15. Comparative transportation risk assessment for borosilicate-glass and ceramic forms for immobilization of SRP Defense waste

    SciTech Connect (OSTI)

    Moyer, R A

    1982-04-01

    It is currently planned to immobilize the SRP high-level nuclear waste in solid form and then ship it from SRP to a federal repository. This report compared transportation operations and risks for SRP high-level waste in a borosilicate glass form and in a ceramic form. Radiological and nonradiological impacts from normal transport and from potential accidents during transit were determined using the Defense Waste Process Facility Environmental Impact Statement (DWPF EIS) as the source of basic data. Applicable regulations and some current regulatory uncertainties are also discussed.

  16. Performance Assessment Transport Modeling of Uranium at the Area 5 Radioactive Waste Management Site at the Nevada National Security Site

    SciTech Connect (OSTI)

    NSTec Radioactive Waste

    2010-10-12

    Following is a brief summary of the assumptions that are pertinent to the radioactive isotope transport in the GoldSim Performance Assessment model of the Area 5 Radioactive Waste Management Site, with special emphasis on the water-phase reactive transport of uranium, which includes depleted uranium products.

  17. Analysis of human factors effects on the safety of transporting radioactive waste materials: Technical report

    SciTech Connect (OSTI)

    Abkowitz, M.D.; Abkowitz, S.B.; Lepofsky, M.

    1989-04-01

    This report examines the extent of human factors effects on the safety of transporting radioactive waste materials. It is seen principally as a scoping effort, to establish whether there is a need for DOE to undertake a more formal approach to studying human factors in radioactive waste transport, and if so, logical directions for that program to follow. Human factors effects are evaluated on driving and loading/transfer operations only. Particular emphasis is placed on the driving function, examining the relationship between human error and safety as it relates to the impairment of driver performance. Although multi-modal in focus, the widespread availability of data and previous literature on truck operations resulted in a primary study focus on the trucking mode from the standpoint of policy development. In addition to the analysis of human factors accident statistics, the report provides relevant background material on several policies that have been instituted or are under consideration, directed at improving human reliability in the transport sector. On the basis of reported findings, preliminary policy areas are identified. 71 refs., 26 figs., 5 tabs.

  18. A Dual Regime Reactive Transport Model for Simulation of High Level Waste Tank Closure Scenarios - 13375

    SciTech Connect (OSTI)

    Sarkar, Sohini; Kosson, David S.; Brown, Kevin; Garrabrants, Andrew C.; Meeussen, Hans; Van der Sloot, Hans

    2013-07-01

    A numerical simulation framework is presented in this paper for estimating evolution of pH and release of major species from grout within high-level waste tanks after closure. This model was developed as part of the Cementitious Barriers Partnership. The reactive transport model consists of two parts - (1) transport of species, and (2) chemical reactions. The closure grout can be assumed to have varying extents of cracking and composition for performance assessment purposes. The partially or completely degraded grouted tank is idealized as a dual regime system comprising of a mobile region having solid materials with cracks and macro-pores, and an immobile/stagnant region having solid matrix with micropores. The transport profiles of the species are calculated by incorporating advection of species through the mobile region, diffusion of species through the immobile/stagnant region, and exchange of species between the mobile and immobile regions. A geochemical speciation code in conjunction with the pH dependent test data for a grout material is used to obtain a mineral set that best describes the trends in the test data of the major species. The dual regime reactive transport model predictions are compared with the release data from an up-flow column percolation test. The coupled model is then used to assess effects of crack state of the structure, rate and composition of the infiltrating water on the pH evolution at the grout-waste interface. The coupled reactive transport model developed in this work can be used as part of the performance assessment process for evaluating potential risks from leaching of a cracked tank containing elements of human health and environmental concern. (authors)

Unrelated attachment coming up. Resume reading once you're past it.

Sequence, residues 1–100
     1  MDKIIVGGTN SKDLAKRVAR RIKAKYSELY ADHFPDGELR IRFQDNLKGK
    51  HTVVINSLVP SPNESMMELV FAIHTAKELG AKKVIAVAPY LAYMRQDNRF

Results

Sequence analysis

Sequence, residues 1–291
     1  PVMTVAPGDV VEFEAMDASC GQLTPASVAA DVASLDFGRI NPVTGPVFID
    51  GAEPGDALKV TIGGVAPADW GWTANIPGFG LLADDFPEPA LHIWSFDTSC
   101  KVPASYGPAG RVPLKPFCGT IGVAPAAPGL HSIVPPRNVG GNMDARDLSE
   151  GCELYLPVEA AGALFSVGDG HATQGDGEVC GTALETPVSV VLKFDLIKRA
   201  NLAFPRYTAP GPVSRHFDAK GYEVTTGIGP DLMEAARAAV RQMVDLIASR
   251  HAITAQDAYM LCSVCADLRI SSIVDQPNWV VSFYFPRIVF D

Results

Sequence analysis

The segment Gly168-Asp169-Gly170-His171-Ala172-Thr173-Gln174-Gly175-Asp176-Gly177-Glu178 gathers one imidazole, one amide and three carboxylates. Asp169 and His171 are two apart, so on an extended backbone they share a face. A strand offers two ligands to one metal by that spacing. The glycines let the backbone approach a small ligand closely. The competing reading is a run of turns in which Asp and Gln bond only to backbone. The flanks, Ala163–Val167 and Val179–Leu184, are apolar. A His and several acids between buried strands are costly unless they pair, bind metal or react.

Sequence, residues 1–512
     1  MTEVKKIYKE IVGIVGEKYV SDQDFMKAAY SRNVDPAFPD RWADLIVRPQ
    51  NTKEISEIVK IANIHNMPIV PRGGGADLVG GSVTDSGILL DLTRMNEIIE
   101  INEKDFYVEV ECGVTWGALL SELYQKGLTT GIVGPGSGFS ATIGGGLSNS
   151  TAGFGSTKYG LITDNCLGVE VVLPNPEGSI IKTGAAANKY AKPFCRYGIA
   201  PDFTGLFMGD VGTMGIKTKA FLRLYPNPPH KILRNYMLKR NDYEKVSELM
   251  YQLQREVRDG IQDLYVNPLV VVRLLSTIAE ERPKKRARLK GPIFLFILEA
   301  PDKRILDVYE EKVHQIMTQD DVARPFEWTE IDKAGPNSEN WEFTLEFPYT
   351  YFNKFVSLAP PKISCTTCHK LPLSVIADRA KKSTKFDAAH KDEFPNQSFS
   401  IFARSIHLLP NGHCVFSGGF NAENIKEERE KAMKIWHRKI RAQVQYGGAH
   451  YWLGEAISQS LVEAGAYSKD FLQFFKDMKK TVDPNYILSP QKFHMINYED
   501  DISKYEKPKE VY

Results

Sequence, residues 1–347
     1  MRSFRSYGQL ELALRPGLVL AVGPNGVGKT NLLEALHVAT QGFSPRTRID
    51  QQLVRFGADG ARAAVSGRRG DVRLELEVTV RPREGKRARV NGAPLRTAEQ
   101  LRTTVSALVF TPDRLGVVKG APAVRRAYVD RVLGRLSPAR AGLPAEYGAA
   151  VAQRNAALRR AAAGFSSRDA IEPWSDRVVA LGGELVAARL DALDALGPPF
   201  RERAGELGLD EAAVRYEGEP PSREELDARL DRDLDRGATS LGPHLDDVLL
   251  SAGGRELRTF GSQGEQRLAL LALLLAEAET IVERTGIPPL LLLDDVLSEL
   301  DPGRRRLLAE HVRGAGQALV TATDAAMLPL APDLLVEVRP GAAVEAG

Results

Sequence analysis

19. WIPP Transportation

    Broader source: All U.S. Department of Energy (DOE) Office Webpages (Extended Search)

    Transuranic Waste Transportation Container Documents Documents related to transuranic waste containers and packages. CBFO Tribal Program Information about WIPP shipments across tribal lands. Transportation Centralized Procurement Program - The Centralized Procurement Program provides a common method to procure standard items used in the packaging and handling of transuranic wasted destined for WIPP. Transuranic Waste Transportation Routes - A map showing transuranic waste generator sites and

  20. Investigating the effect of compression on solute transport through degrading municipal solid waste

    SciTech Connect (OSTI)

    Woodman, N.D. Rees-White, T.C.; Stringfellow, A.M.; Beaven, R.P.; Hudson, A.P.

    2014-11-15